Polar Biology

, Volume 28, Issue 3, pp 190–197

Primary and new production in the deep Canada Basin during summer 2002

Original Paper

DOI: 10.1007/s00300-004-0676-3

Cite this article as:
Lee, S.H. & Whitledge, T.E. Polar Biol (2005) 28: 190. doi:10.1007/s00300-004-0676-3


The NOAA Ocean Exploration program provided the opportunity to measure the carbon and nitrogen productivity across the Canada Basin. This research examined the major environmental factors limiting the levels of primary production and possible future climate change on the ecosystems. The vertical distributions of the carbon and nitrogen uptakes of phytoplankton had similar patterns as their respective biomass concentrations which were low at the surface and highest in the chlorophyll-maximum layer. The annual carbon and new production rates of phytoplankton in the Canada Basin were about 5 and 1 g C m−2, respectively. Nutrients were determined to be a main limiting factor at the surface, whereas light may be a major factor limiting phytoplankton productivity in the chlorophyll-maximum layer for open waters. The bottom surface of the ice has a low specific uptake and productivity of phytoplankton, indicating that photosynthetic activity might be controlled by both light and nutrients.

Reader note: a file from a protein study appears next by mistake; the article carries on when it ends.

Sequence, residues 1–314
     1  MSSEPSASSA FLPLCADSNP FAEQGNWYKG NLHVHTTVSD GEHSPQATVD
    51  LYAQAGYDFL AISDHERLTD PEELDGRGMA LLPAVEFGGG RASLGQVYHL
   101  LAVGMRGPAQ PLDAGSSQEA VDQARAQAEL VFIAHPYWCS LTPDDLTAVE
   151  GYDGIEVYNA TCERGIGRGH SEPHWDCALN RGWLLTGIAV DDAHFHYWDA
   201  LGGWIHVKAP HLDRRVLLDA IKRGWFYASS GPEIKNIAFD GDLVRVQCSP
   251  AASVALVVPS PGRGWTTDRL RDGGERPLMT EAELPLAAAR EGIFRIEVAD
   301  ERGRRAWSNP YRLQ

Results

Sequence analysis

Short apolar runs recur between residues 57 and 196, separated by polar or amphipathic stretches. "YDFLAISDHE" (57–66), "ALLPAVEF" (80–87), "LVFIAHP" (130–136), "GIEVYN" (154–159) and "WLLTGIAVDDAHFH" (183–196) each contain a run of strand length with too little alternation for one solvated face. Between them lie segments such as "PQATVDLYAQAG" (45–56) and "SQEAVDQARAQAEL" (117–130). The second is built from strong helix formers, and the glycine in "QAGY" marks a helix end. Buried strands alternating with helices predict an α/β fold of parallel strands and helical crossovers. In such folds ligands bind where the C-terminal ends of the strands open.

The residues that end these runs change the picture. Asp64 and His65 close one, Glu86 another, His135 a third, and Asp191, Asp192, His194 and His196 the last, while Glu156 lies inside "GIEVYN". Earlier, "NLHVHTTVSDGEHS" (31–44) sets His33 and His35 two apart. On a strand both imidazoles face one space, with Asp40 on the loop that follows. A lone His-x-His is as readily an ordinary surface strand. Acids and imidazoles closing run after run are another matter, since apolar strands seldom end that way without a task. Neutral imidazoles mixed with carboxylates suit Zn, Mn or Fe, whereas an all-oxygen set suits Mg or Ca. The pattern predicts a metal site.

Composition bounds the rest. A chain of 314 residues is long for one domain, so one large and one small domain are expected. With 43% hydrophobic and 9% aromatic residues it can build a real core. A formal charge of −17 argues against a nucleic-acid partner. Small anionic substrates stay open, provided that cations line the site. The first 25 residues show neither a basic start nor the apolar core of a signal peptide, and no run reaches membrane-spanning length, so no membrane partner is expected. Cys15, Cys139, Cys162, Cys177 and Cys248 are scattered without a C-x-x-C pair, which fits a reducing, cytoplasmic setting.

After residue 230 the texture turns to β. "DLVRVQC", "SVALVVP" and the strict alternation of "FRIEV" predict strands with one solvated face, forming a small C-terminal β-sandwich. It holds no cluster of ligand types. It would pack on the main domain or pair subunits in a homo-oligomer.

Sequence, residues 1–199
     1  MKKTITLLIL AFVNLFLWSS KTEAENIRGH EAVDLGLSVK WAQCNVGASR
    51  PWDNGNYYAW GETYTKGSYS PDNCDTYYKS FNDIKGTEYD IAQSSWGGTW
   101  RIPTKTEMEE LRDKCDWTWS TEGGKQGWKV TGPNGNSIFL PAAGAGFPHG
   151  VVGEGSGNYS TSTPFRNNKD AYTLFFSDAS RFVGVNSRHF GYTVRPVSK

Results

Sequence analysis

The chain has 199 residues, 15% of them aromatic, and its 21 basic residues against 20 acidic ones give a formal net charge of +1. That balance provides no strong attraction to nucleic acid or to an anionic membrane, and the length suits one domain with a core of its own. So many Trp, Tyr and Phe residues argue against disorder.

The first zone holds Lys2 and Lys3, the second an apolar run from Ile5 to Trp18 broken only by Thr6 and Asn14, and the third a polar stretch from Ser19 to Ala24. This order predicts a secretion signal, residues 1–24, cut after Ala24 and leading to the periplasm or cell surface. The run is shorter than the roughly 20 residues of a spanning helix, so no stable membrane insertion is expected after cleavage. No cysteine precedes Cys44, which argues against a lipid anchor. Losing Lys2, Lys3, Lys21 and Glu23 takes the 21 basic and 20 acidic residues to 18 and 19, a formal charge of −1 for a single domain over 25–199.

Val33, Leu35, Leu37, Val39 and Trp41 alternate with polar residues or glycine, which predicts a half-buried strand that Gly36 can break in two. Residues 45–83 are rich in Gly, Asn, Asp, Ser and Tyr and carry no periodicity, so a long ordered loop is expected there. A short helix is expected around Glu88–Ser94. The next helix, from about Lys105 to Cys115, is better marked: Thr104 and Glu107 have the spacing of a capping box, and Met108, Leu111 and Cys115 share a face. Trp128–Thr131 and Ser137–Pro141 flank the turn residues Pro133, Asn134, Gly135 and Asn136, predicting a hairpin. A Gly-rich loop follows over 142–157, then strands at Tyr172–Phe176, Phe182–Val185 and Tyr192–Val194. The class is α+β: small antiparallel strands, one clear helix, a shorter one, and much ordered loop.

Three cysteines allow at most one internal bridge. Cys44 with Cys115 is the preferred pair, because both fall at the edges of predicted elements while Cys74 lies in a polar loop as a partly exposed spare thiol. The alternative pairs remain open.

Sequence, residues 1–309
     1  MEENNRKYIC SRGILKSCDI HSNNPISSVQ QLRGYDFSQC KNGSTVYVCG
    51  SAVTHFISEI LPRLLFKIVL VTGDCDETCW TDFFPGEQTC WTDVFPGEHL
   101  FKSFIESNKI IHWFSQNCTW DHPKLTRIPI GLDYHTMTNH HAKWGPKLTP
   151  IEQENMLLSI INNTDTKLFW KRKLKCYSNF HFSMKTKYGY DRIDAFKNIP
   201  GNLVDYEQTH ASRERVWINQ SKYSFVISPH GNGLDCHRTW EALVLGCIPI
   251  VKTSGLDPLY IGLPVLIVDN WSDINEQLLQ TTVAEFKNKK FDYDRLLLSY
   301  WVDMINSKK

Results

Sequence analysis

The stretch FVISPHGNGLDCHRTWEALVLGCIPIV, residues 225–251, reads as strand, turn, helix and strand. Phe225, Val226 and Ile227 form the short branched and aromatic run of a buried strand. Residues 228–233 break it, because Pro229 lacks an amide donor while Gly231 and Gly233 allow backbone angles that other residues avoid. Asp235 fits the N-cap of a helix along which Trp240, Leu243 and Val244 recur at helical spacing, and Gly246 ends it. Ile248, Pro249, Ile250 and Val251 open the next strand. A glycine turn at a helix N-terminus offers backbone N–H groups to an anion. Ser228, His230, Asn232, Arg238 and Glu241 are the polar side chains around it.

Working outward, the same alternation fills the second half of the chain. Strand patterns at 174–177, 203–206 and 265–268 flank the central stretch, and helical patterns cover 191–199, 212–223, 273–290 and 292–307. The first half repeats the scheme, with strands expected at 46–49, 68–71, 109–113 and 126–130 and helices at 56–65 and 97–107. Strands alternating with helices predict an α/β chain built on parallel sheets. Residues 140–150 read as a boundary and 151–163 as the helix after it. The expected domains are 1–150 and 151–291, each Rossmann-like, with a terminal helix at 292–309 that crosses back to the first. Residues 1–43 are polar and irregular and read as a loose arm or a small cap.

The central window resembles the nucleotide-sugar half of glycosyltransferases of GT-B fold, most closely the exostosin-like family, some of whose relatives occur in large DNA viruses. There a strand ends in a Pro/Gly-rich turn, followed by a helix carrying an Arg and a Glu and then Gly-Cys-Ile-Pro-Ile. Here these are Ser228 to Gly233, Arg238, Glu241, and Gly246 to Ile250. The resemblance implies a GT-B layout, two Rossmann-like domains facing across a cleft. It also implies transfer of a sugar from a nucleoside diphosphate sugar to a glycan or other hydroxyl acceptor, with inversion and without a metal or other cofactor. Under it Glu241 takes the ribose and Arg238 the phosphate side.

Copyright information

© Springer-Verlag 2004

Authors and Affiliations

  1. 1.Institute of Marine Science, School of Fisheries and Ocean SciencesUniversity of Alaska FairbanksFairbanksUSA